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Wednesday, May 4, 2016

"The best laid schemes o' mice an' men..."

Monday, April 16, 2012

Old age comes at a bad time. There is nothing left to learn the hard way, and speed limits are no longer a challenge. And, age is too high a price to pay for maturity. Just as I was getting my head together, my body fell apart. But, I sure don't need to do drugs - at my age I get the same effect just standing up fast.


President Obama was right when he told bailed-out companies, "You can't go take that trip to Las Vegas or go down to the Super Bowl on the taxpayers' dime." He was right when a year later, he repeated the idea, saying a Vegas vacation was a bad idea if you're paying for it with college savings. However, he neglected to tell his General Services Administration not to waste taxpayer's money.

The GSA, with five administrators in the past eight years, employs about 12,000 workers. Among other duties, it is the real estate and acquisitions manager for the federal government and they award contracts to vendors for goods and services. In many respects they are a 'watchdog.'

Nobody, though, was watching when they held an "over the top" Conference at a Nevada Resort and Casino in October 2010 which cost $823,000.

This reinforces my (negative) opinion of the federal bureaucracy, regardless of who is president. You can cut off a chicken's head but it still dances, and some worms (Schmidtea mediterranea) can regenerate not just their body, but also its head and brain. No, I am not calling fed bureaucrats worms. Worms are industrious. No, I am not saying that fedi-crats are not industrious. Many are.

Obama didn't fire GSA Administrator Martha Johnson, she resigned, and seven other members of the GSA staff have been fired, placed on leave or otherwise removed from their job because of the controversy.

I have often said that winter conferences (these are not supposed to be paid vacations) involving taxpayer dollars should be held in Bismarck or Duluth. Tampa and Phoenix have bargain summer rates. I also believe in teleconferences -- and reading the manual, followed by an examination. No pass- no pay.

Opponents say that if private enterprise can spend, government should be able to. OK, but only when federal government employee perks fall more in line with that of the average American worker in the private sector! Those perks include excessive sick leave, salaries often above comparable private sector jobs, the difficulty of getting rid of deadwood, not to mention the often lower standard of work ethic. Don't block the exit at four thirty! These are generalizations, of course.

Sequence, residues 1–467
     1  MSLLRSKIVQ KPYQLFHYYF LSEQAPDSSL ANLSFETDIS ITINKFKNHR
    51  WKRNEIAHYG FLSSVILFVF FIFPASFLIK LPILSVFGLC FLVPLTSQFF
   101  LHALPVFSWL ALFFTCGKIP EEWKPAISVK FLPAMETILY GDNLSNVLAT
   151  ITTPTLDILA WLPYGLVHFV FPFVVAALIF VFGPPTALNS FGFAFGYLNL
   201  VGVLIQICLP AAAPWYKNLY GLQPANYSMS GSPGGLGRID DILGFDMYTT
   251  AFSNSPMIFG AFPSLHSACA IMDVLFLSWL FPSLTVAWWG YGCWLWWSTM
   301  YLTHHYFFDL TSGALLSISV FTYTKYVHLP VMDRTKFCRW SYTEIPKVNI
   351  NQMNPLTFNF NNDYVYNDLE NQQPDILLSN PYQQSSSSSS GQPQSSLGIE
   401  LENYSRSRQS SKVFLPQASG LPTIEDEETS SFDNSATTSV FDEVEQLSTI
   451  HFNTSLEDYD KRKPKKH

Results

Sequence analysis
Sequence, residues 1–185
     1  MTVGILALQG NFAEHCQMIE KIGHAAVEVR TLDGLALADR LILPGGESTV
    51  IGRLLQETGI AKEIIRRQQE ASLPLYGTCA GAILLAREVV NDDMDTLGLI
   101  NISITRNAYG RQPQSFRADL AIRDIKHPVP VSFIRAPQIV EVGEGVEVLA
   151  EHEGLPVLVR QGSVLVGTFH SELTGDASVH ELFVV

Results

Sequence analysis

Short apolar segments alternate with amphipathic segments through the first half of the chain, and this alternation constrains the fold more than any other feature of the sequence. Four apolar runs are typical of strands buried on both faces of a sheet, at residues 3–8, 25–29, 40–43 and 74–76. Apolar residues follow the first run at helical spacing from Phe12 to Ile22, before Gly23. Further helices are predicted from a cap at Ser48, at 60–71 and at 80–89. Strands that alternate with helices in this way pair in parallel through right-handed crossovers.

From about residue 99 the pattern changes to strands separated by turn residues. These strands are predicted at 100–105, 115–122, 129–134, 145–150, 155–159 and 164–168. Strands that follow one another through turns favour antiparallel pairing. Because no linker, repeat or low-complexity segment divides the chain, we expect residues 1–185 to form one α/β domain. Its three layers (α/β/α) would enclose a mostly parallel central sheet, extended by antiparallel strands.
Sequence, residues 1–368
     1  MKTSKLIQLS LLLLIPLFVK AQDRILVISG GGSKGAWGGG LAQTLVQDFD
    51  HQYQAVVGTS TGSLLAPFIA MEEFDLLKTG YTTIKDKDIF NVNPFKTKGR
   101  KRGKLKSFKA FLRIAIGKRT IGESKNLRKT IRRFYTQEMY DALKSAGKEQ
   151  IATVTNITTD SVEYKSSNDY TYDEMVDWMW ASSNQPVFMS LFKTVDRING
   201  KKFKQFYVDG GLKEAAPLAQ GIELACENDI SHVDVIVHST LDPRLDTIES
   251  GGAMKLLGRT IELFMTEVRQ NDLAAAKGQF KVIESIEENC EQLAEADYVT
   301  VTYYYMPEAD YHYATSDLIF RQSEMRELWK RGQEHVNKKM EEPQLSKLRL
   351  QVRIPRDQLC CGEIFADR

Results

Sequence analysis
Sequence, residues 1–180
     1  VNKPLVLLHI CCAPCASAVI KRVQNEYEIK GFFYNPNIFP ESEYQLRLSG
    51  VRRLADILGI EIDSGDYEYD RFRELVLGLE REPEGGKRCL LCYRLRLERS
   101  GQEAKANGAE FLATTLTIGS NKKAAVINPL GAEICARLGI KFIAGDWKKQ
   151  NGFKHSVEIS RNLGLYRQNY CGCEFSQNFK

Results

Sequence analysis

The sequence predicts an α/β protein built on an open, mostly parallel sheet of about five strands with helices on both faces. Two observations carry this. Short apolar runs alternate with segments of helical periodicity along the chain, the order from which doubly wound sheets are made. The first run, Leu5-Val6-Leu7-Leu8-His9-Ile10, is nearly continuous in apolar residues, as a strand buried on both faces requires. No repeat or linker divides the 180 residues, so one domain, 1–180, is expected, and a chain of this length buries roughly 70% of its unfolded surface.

So, what did the GSA spend? Just a few of the perks for those hard working federal government employees included $75,000 spent on a 'team building' exercise to build 24 bikes. $8,130 was spent on "yearbooks," $2,782 on canteens and carabineers, and $3,749 wasted on shirts (the last for the "team-building" exercise), all in violation of their own policy against spending on "mementos." They spent more than $100 per attendee on food and non-alcoholic beverages at a reception, and more than six thousand dollars on commemorative 'stimulus' coins in velvet boxes.

In addition, congressional investigators are accusing the GSA of violating its employee gift limit with rewards of iPods, digital cameras and other electronics.

A GSA spokesperson welcomes "responsible oversight" and "remains committed to eliminating excessive federal spending and promoting government efficiency." Uh -- since when?

More wasteful spending by the GSA; Last year they bought 116 electric cars for $4.5 million, at an average cost of $38,793 each, including some from a Norway company, 'Think Electric.' The tiny two-seat electric coupe was to be built in Elkhart, Indiana, and hire 400 people. Those jobs never materialized, even after Obama visited Elkhart twice, promising stimulus funds.

On March 6, 2012, National Public Radio reported the factory is virtually closed, with only two employees. The parent company, Think Global of Norway, filed for bankruptcy last summer. Remind you of DOE favorite, bankrupt Solyndra, the solar panel manufacturer and its half billion dollar scandal?

I believe in alternative energy but there hasn't been much good news for backers of electric vehicles lately. GM idled production of its Chevy Volt, and has a large backlog. Bright Automotive shut down production of a lightweight electric truck. The EPA's recent proposal to reduce emissions from coal-fueled power plants, "Will limit sources for electricity by making coal prohibitively expensive," say opponents of the plan.

With the similar opposition to nuclear power, and the aversion Obama expresses for domestic oil/gas, where will the electricity come from years? Is the cart ahead of the horse?

Don Paulin, 2carpenterdon@gmail.com, 7557 30th Av, Norwalk, IA 50211 - 515-201-7236

By Don Paulin
Been There, Done That

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